Indonesia arrests suspect for planning bomb attacks

Suspected bomb-maker accused of membership in group led by Indonesian fighting with ISIL in Syria

Indonesia arrests suspect for planning bomb attacks

World Bulletin / News Desk

Police have arrested a suspect accused of planning bomb attacks on government buildings and a “certain embassy” who is also believed to be connected with an Indonesian fighting with ISIL in Syria.

National police spokesman Comm. Rikwanto said Saturday that the anti-terror agency believes the suspected militant had been making explosives more powerful than those used in the 2002 Bali bombings -- which killed 202 people -- in a small lab at his home in West Java.

"At a certain time, the [attack] target would have been directed at the parliament building, national police headquarters, a certain embassy, television stations, places of worship and cafes," quoted Rikwanto, who like many Indonesians uses one name, as saying.

Anti-terror personnel reportedly found a “huge amount” of explosives at the home of 23-year-old Rio Priatna Wibawa who was arrested earlier this week.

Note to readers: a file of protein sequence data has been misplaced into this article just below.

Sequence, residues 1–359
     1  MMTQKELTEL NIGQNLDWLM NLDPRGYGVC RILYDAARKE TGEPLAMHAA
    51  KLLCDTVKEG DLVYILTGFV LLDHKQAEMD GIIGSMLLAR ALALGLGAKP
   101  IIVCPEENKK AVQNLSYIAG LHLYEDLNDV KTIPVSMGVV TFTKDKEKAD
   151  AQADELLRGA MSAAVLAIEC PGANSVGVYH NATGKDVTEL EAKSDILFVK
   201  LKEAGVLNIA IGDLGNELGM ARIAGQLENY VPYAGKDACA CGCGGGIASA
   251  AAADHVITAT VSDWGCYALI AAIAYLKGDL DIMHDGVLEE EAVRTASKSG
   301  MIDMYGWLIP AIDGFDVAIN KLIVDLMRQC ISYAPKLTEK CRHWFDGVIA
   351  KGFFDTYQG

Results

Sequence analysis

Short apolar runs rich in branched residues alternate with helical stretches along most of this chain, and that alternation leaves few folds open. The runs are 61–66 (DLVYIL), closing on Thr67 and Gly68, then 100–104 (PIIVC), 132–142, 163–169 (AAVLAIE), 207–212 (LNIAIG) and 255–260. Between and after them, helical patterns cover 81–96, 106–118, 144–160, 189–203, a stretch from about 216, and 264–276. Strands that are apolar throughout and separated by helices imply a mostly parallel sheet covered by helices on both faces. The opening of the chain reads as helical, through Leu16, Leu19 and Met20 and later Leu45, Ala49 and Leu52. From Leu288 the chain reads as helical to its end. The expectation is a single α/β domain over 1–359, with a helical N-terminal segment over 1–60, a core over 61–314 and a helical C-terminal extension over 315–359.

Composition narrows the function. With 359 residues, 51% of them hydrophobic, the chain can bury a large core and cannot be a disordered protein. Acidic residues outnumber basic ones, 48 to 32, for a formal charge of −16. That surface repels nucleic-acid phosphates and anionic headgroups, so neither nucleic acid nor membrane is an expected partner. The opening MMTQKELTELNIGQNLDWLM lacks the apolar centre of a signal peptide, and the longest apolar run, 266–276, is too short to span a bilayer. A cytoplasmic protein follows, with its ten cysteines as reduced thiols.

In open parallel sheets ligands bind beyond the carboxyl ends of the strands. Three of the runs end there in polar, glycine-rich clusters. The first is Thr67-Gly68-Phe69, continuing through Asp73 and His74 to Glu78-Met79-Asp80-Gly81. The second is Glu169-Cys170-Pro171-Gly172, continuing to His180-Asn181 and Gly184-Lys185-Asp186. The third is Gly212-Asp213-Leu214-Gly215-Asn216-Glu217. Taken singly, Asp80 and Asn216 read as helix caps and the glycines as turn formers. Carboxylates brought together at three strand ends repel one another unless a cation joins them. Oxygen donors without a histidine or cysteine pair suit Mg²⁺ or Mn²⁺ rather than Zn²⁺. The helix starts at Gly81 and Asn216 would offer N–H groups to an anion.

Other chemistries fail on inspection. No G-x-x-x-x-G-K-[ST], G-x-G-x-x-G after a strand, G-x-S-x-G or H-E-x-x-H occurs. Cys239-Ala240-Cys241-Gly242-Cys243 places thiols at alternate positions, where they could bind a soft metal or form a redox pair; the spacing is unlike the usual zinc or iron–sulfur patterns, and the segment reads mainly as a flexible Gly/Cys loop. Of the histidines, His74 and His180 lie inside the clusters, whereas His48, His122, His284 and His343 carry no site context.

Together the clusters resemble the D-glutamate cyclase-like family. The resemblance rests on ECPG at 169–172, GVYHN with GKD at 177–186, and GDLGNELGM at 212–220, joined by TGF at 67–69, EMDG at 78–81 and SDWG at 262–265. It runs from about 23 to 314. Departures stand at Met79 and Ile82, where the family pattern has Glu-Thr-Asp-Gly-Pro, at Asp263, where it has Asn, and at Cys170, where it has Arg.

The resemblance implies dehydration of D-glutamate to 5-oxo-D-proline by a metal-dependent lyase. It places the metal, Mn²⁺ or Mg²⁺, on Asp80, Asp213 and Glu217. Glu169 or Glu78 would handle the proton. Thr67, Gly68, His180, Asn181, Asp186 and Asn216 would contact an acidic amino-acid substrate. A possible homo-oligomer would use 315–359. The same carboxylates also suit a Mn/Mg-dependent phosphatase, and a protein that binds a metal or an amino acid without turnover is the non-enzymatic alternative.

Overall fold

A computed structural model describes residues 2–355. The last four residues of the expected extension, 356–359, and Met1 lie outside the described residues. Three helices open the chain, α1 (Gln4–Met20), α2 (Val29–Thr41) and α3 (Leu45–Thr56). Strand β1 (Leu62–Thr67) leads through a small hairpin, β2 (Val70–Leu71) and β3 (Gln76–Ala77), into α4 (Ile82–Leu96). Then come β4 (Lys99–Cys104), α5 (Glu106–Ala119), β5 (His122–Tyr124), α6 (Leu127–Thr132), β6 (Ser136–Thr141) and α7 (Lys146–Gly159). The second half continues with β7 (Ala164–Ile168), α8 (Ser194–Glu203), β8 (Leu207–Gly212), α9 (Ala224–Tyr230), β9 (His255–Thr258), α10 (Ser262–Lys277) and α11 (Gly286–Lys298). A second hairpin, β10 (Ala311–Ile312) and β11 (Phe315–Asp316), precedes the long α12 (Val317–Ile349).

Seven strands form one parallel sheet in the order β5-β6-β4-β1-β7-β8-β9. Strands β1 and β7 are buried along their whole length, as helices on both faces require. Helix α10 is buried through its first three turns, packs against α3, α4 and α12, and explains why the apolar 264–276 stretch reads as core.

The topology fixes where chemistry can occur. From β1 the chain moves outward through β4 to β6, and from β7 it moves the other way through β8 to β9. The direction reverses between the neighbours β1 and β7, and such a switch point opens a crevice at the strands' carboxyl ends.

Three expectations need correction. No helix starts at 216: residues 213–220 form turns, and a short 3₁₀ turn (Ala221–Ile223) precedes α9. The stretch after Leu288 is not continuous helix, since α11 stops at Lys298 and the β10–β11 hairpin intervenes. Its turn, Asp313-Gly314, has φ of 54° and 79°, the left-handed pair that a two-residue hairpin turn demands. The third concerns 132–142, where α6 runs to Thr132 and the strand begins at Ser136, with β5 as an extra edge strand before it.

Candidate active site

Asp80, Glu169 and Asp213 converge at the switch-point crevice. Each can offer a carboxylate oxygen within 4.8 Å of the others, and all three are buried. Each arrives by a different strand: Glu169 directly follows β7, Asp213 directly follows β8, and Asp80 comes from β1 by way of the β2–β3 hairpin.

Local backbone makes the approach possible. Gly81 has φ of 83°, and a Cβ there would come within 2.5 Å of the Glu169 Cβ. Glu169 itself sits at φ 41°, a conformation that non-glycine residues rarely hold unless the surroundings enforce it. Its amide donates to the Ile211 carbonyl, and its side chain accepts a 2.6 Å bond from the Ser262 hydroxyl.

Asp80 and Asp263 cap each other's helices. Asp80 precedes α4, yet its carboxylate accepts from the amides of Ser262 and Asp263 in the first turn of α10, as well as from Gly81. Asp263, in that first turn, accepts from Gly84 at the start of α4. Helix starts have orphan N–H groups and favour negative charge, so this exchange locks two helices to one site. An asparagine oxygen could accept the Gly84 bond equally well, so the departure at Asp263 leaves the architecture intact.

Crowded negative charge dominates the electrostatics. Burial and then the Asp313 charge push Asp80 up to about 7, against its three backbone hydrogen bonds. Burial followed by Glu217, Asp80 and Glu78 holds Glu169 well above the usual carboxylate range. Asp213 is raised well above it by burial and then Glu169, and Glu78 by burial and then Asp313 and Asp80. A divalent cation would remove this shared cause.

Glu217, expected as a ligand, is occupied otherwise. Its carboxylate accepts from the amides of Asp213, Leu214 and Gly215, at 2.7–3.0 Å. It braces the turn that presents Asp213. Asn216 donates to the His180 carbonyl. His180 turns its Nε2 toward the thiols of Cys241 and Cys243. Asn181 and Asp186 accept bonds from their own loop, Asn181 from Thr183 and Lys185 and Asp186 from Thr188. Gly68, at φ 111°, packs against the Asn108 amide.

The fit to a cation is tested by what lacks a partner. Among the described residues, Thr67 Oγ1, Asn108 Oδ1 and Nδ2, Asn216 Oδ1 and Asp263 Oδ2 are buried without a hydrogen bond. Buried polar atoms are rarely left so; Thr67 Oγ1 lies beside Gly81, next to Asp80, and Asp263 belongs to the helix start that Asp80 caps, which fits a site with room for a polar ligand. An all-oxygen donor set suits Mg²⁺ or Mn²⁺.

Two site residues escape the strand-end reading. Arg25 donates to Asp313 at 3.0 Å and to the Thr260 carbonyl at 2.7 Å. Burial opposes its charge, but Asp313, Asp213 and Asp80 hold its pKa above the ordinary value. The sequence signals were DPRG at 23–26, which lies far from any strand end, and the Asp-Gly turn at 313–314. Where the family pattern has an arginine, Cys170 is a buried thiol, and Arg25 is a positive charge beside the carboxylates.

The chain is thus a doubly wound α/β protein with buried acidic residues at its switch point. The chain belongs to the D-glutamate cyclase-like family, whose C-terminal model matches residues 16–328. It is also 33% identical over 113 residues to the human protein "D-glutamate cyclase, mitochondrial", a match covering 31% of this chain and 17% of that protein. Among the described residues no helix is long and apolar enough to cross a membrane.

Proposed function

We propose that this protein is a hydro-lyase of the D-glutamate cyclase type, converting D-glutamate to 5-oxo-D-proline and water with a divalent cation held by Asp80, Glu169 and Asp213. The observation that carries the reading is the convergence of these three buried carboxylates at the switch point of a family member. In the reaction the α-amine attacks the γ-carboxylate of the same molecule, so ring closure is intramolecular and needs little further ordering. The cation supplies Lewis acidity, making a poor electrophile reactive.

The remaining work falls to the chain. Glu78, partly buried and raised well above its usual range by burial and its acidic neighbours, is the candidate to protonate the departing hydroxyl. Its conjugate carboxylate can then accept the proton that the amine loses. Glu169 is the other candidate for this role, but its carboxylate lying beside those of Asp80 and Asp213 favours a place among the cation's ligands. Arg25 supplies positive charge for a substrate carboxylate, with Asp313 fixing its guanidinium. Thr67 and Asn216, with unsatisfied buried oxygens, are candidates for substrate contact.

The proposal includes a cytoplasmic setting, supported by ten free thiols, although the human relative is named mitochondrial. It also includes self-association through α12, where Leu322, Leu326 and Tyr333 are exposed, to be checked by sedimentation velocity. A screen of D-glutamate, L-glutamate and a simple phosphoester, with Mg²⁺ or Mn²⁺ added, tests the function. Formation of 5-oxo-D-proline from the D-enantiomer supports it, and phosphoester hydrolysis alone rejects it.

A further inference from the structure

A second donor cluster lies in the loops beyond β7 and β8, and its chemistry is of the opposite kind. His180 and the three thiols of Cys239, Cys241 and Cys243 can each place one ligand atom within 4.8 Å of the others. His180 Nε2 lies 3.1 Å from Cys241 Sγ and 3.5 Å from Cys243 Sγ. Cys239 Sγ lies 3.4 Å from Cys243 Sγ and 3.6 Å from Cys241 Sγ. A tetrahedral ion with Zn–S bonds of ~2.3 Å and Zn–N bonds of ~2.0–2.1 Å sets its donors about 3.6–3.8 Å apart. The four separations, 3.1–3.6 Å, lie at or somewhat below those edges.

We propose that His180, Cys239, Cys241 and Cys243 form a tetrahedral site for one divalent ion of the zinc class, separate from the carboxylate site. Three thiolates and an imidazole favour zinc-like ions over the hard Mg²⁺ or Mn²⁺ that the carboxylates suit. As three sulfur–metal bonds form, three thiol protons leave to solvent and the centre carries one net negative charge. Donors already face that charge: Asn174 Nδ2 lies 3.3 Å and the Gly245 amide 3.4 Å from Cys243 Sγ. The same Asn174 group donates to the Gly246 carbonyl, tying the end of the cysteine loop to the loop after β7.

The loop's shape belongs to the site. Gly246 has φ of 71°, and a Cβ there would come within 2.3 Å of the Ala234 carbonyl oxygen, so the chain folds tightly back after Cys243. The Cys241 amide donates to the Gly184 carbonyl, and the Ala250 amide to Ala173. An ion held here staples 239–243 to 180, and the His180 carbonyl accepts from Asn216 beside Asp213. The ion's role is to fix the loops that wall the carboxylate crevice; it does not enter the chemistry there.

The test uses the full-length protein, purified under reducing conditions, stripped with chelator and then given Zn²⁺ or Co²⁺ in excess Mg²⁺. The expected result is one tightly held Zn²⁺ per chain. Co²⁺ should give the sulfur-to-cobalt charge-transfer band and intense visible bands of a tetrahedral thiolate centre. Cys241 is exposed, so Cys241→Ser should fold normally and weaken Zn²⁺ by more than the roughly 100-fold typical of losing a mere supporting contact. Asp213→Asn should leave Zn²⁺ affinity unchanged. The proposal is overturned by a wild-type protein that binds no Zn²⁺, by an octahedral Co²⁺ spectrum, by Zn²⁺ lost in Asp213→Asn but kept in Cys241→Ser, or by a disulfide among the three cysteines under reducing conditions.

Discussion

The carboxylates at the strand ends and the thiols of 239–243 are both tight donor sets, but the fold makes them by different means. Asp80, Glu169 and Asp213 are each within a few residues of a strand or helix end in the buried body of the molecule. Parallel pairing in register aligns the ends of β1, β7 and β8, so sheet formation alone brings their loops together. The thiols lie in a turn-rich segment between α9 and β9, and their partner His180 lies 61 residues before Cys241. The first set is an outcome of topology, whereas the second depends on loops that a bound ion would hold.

Rikwanto said Wibawa -- who had studied agriculture science and is currently unemployed -- was part of a “extremist network” accused of deliberately seeking to target important landmarks in Indonesia in order to draw attention from media worldwide and to show their “anti-democratic” stance.

He added that police are pursuing other alleged members of the network who helped in bomb-making activities and whose “initials are already known”.

Wibawa is accused of being a member of the Jamaah Anshar Khilafah Daulah Nusantara group led by Bahrun Naim, an Indonesian fighting with ISIL in Syria who authorities believe masterminded a fatal attack in Jakarta in January.

"The suspect learned to make explosives from Google, YouTube and through conducting experiments," said Rikwanto.

Indonesia has been on alert against extremist activities over the past year, further heightening security measures after the January attack left eight people -- including four ISIL-linked suspects -- dead in the capital.

In 2002, Bali witnessed a series of bombings that that killed 202 people -- mostly Australians -- in an attack blamed on Jemaah Islamiyah, al-Qaeda’s Southeast Asia affiliate.

Last Mod: 26 Kasım 2016, 13:22
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